One problem with Battlestar Galactica: The Plan, is the way that it flows. You absolutely have to go in not expecting the amazing stories that we got from the show, but again, an alternative perspective of those stories. As I said before, the more you think about it, the more it fuses itself to the mythology. It’s tricky here, however, because they show one scene and then jump up to another point in time (4 days after the attack, 27 days after the attack, 232 days after the attack) and there is no transition or format; you just have to hang on tight and take it all in. This film is all about jumping (which is fitting to the show) to certain points so you can see mainly how the two Cavils unraveled his plan, how the various models assisted or interfered, and who or what was involved in certain memorable instances that we were not shown to us before.
Actor Edward James Olmos (Admiral William Adama) directed this movie after directing four episodes of the show, including one of the tense final episodes entitled “Island in a Stream of Stars”. Before it came out, he was quoted as saying “When Battlestar fans see The Plan, they’re all going to have to go back and watch the entire series again.” Having now seen it, I can say without doubt that this is true. Being someone who doesn’t own any of the show, I now find myself more tempted than ever to go get it with all of this new knowledge of the behind-the-curtains workings of the Cylons’ master plan.
Even with the trouble it has moving as a story, fans of BSG will easily get their money’s worth with here. Die hard fans will likely watch the movie multiple times (I know I already want to watch it again to see what else I catch and learn) trying to find hidden gems and explanations to things we might now know the answer to, and maybe even spend hours going frame-by-frame. There’s even an awesome new remix to the show’s title theme song that plays on the menu and in-full at the end credits.
Those who aren’t very big into the show or are just casual fans of science fiction should probably steer clear, as they will have no idea what’s going on…seriously. Although if this is you, I strongly suggest getting into the show and watch the whole thing if you have not. It’s very much worth your time.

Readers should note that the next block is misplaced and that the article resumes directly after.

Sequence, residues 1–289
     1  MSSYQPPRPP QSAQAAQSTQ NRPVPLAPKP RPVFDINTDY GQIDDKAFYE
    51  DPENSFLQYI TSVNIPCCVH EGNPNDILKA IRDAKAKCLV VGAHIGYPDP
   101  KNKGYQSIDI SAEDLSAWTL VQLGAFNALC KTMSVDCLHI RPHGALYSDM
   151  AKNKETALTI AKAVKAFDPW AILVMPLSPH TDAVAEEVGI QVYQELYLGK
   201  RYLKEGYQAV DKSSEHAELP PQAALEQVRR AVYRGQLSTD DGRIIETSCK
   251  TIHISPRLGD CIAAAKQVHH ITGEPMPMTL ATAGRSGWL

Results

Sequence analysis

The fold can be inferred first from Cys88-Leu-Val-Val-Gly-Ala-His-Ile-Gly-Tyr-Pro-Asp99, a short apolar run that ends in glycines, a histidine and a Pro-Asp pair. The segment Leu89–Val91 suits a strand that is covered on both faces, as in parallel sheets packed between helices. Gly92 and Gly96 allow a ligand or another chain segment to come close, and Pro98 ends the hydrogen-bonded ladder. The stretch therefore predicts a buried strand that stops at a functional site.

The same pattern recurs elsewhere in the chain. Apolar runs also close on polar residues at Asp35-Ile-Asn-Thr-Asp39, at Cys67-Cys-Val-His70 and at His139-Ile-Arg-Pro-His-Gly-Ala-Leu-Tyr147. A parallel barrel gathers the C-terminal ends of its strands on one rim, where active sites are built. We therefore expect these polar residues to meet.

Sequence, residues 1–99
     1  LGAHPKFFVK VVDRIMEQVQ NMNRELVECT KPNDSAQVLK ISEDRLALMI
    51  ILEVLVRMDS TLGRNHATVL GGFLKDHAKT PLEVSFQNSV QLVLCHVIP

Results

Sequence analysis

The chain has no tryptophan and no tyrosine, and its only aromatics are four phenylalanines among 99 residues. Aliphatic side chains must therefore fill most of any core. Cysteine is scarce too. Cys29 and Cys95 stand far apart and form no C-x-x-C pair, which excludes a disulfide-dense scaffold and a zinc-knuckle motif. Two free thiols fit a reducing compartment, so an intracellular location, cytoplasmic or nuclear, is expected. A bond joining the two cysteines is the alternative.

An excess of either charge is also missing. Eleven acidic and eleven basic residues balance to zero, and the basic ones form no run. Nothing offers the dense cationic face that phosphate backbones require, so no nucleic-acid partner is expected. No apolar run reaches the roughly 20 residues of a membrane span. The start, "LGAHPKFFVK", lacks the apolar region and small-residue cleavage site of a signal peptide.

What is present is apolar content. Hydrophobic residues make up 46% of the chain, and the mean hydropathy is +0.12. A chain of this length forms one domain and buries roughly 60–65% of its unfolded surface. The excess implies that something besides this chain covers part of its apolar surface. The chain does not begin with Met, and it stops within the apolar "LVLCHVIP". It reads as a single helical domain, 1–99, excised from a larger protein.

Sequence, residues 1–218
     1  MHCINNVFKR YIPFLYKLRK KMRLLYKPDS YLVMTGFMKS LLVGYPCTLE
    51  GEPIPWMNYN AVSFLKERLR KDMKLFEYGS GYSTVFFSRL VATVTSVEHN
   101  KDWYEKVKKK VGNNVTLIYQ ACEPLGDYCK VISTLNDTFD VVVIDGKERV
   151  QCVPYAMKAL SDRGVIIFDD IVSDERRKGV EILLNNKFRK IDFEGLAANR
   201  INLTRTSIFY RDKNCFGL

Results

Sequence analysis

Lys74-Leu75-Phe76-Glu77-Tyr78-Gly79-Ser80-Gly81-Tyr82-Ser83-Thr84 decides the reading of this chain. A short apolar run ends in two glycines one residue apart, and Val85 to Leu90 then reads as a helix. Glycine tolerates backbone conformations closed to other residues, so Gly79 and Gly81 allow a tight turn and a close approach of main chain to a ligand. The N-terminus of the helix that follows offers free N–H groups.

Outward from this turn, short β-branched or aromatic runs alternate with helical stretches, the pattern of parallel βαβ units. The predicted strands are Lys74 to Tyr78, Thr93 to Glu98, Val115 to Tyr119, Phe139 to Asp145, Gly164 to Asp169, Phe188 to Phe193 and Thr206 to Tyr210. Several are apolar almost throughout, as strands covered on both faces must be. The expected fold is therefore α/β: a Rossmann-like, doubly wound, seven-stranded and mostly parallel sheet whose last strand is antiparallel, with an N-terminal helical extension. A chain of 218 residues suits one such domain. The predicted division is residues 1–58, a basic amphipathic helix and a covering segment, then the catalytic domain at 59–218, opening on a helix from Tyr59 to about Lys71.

The big question now? Is this the last of the Battlestar Galactica we know and love? Obviously the end of the show was the real heartbreaker for fans, but just knowing ANY kind of prequel or story that we haven’t seen with this cast is coming is exciting, and after The Plan is released on October 27, there are no others in the works. Yes, Capricagot underway with their movie and is set to debut soon, but that obviously won’t be the same. Keep in mind, Edward James Olmos did promise that if 350,000 to 500,000 copies of the movie sold in the first day, we would see “many more plans,” (Read: Could Big Numbers For “˜The Plan’ Mean More “˜Battlestar Galactica’?) so get out there and pick a copy of this up this Tuesday!
There’s not a ton of extra features here. You’ll have the typical commentary options, deleted scenes, and some previews, but there are a couple of interesting featurettes to check out!
I suggest watching the deleted scenes for one particular scene that shows how badly some Cylons wanted to regain peace and stop the fighting, and how it went horribly wrong.
From Admiral to Director: Edward James Olmos & The Plan — A short feature that looks at Olmos working behind the camera and his methods. A fun video to watch, but all it really did is make me sad, and wish that the show wasn’t over anymore. Let’s face it: we were happy when they decided to close it up with a completed story instead of running it into the ground, but now you kinda wish they went as long as they could go…until someone else told them to stop.
The Cylons of The Plan — Another short feature looking at the Cylons from BSG and The Plan, as well as interviews with the actors who play them who talk about their roles and how the Cylons might not all be as horrible as we once thought.
The Cylon Attack — You might be lead to believe that this looks at the Cylon attack on the Twelve Colonies, but in fact, it’s about a scene from the movie in which Anders and his group first get a look at the machine and attempt to fight back. It’s a cool feature showing some of the effects used and what’s called “the biggest explosion ever done on BSG.”
Visual Effects: The Magic Behind The Plan — This is the biggest of all of the special features. It looks at all of the behind the scenes stuff, especially the special effects work. It includes interviews with a bunch of effects workers who talk about their role and how they take certain completed shots and add more to it, or introduce more layers and textures to bring that realism to the table.